Somerset council have spent £46,000 and counting to recruit a chief executive. £46,000.
Two southern England Tory councils have come under attack this week for failing to provide value for money.
Somerset county council, where the Conservatives have a 12-seat majority, has managed to rack up a bill of £46,000 and counting to recruit a new chief executive: £20,000 on headhunters, £4,000 on a ‘microsite’ – a website detailing the job and recruitment process – and more than £21,500 on advertising.
Opposition Liberal Democrat councillor Ross Henley described the figures as “a disgrace.” He added:
“This is an enormous waste of money. The Tories at County Hall talk and talk about saving money and then waste £46,000 on filling one job vacancy. The Conservatives have sadly and badly misjudged the public mood if they feel it’s appropriate to spend this sort of public money to fill one job vacancy.”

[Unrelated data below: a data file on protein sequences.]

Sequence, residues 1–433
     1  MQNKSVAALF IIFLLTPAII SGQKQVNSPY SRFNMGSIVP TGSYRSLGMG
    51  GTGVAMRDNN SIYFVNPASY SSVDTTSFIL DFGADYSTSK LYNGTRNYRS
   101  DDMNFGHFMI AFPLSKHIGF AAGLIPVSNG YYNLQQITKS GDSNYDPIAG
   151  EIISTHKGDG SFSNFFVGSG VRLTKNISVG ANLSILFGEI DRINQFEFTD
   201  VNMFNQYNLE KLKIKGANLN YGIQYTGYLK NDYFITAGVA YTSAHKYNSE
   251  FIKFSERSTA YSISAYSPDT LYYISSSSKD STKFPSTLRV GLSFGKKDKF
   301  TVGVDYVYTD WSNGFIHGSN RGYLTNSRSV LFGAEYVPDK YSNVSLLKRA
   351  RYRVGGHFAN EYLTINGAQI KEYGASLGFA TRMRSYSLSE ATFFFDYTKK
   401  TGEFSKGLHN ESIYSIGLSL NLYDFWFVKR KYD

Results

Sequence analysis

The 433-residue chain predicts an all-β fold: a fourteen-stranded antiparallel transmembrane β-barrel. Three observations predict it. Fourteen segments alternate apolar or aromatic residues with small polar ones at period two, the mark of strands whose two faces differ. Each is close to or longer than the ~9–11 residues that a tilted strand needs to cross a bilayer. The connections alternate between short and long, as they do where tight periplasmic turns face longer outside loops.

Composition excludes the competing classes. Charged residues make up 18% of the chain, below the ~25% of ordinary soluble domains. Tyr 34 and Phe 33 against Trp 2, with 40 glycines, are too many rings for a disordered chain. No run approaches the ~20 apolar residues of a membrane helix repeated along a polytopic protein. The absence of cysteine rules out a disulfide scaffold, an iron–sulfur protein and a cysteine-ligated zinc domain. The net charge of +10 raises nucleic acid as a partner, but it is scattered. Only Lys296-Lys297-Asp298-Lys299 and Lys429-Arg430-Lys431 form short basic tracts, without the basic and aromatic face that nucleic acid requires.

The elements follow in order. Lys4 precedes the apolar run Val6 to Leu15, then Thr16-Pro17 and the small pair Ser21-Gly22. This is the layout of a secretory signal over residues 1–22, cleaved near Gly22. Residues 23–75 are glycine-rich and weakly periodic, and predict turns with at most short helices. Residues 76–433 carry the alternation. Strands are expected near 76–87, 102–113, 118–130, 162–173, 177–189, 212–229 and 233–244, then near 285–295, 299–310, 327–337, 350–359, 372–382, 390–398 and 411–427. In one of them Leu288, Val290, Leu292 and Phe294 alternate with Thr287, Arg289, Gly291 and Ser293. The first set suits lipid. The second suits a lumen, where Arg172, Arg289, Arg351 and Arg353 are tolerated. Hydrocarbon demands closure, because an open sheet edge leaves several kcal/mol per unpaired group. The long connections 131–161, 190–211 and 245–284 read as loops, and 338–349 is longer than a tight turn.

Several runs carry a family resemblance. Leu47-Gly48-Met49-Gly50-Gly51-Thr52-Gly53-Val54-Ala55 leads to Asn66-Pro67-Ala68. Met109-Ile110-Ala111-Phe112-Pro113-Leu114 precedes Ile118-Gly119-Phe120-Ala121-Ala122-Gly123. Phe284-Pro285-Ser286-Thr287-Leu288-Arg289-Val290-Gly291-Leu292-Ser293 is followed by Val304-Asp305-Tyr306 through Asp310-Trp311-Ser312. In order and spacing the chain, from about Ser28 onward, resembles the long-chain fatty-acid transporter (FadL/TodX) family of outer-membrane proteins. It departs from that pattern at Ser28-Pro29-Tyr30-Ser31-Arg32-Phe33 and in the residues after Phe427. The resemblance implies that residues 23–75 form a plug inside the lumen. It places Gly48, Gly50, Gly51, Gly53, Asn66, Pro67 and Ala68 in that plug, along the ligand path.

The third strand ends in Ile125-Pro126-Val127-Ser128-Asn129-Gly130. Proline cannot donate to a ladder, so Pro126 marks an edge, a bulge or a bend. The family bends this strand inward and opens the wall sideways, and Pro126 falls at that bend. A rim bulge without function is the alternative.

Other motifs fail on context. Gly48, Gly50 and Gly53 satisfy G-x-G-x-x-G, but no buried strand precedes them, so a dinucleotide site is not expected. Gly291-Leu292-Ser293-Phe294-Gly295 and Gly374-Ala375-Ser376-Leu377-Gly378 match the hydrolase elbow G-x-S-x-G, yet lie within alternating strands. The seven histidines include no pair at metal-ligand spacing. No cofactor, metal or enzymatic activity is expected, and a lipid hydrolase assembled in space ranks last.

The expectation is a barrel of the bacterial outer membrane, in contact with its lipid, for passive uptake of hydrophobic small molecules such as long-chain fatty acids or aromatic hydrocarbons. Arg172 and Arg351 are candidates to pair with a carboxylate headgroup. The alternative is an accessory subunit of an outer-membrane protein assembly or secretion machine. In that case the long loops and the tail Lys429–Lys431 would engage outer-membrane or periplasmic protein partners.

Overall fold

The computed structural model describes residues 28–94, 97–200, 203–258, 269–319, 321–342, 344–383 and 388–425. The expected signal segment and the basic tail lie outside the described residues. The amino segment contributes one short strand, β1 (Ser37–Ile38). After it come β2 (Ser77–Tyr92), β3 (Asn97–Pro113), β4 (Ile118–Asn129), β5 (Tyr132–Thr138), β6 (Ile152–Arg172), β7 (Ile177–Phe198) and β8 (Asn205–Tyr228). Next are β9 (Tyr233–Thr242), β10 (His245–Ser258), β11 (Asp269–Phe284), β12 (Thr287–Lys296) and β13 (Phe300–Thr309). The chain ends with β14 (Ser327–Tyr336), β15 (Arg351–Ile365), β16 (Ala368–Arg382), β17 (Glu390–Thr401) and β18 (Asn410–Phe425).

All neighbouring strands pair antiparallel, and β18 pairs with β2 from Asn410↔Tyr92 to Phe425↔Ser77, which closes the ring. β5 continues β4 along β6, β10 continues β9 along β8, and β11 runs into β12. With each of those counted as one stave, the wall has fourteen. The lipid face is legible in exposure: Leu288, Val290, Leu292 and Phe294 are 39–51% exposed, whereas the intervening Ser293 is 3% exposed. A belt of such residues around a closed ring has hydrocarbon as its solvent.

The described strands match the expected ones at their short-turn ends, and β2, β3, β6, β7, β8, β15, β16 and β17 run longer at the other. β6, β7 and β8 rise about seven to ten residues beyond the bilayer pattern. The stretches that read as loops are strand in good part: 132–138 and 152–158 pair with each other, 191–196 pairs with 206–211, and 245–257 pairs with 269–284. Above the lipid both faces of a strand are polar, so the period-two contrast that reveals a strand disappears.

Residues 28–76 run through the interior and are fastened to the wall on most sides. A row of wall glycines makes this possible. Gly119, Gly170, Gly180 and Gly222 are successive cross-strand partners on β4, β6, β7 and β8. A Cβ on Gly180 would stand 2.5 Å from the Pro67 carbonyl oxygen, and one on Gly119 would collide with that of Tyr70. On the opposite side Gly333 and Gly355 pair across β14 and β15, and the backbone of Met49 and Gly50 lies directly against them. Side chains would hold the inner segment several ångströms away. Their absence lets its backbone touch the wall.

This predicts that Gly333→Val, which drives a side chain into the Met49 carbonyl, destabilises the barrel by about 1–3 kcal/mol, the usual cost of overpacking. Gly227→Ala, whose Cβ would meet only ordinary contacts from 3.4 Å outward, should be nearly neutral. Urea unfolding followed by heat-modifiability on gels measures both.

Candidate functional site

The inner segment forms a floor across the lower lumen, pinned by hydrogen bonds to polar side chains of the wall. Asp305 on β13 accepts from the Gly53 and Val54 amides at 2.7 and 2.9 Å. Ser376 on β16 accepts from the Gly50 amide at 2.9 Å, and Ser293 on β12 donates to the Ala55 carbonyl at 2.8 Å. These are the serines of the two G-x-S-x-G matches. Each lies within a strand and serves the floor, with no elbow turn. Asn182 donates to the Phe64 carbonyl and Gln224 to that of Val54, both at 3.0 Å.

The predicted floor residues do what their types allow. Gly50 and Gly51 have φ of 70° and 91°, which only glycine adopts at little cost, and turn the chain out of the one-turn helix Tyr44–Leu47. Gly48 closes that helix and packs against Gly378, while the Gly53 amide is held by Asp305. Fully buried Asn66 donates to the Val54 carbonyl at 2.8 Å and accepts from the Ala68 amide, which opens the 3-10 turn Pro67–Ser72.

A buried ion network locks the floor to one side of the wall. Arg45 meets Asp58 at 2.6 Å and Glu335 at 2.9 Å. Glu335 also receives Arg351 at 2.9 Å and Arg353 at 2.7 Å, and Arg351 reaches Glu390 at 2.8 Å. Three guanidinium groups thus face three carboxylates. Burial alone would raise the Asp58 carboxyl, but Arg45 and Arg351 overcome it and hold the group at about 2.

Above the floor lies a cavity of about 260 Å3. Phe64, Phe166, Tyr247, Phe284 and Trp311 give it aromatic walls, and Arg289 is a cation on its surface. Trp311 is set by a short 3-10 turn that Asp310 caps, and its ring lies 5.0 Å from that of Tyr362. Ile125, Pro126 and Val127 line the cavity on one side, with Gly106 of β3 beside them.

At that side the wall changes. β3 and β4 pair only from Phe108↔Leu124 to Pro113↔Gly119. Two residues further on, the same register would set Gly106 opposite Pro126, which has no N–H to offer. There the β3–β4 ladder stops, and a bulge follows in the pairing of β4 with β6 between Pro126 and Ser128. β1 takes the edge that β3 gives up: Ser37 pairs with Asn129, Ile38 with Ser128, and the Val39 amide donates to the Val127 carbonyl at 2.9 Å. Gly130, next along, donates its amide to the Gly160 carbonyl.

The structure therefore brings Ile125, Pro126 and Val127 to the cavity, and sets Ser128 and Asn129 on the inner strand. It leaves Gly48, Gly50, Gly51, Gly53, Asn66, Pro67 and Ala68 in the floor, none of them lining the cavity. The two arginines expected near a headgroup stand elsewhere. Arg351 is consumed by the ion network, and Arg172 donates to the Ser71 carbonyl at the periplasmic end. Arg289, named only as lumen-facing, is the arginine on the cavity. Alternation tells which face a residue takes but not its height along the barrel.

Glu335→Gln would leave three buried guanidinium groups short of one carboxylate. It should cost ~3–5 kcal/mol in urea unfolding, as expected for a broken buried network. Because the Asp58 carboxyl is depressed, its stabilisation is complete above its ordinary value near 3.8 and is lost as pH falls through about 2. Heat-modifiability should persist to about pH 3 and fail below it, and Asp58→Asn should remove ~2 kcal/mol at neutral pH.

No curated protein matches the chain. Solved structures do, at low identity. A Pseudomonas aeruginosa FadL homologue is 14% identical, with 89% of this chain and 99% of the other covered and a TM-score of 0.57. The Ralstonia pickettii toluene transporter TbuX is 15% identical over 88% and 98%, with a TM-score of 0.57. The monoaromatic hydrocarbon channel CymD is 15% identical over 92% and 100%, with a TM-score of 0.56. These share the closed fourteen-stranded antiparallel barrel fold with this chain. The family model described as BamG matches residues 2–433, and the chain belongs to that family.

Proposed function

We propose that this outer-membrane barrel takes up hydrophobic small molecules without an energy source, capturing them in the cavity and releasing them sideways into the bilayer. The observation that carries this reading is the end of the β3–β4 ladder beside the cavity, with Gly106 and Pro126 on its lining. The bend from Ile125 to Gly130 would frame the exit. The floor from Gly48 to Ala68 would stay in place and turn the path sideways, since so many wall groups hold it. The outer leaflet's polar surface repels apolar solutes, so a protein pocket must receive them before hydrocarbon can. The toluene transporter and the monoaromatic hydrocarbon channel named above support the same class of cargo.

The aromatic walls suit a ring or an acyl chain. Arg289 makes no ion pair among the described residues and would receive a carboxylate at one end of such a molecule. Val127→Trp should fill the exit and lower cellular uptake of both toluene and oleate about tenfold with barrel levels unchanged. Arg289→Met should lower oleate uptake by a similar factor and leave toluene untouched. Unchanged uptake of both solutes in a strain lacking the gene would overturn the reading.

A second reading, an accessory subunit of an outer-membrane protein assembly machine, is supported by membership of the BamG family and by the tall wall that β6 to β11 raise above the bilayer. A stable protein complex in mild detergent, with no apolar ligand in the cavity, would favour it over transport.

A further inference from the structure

And in Newbury, Tory-run West Berkshire council were dealt a blow after a survey revealed less than half of respondents were satisfied by council services, with nearly two-thirds replying they were poorly informed about the council’s work in tackling anti-social behaviour, though satisfaction levels for doorstep recycling and local waste services have actually increased from the previous year.
Council leader Graham Jones blamed the poor results on the timing of the recent Place Survey. He said:
“The survey was conducted at the worse possible moment, immediatly after the new bin service was introduced. Neccesary changes were made to collections and whilst the step change in recycling provision was evident the new service took a number of months to settle down. Residents of Reading now look in envy at our refuse and recycling service, particularly our weekly bin collection.”
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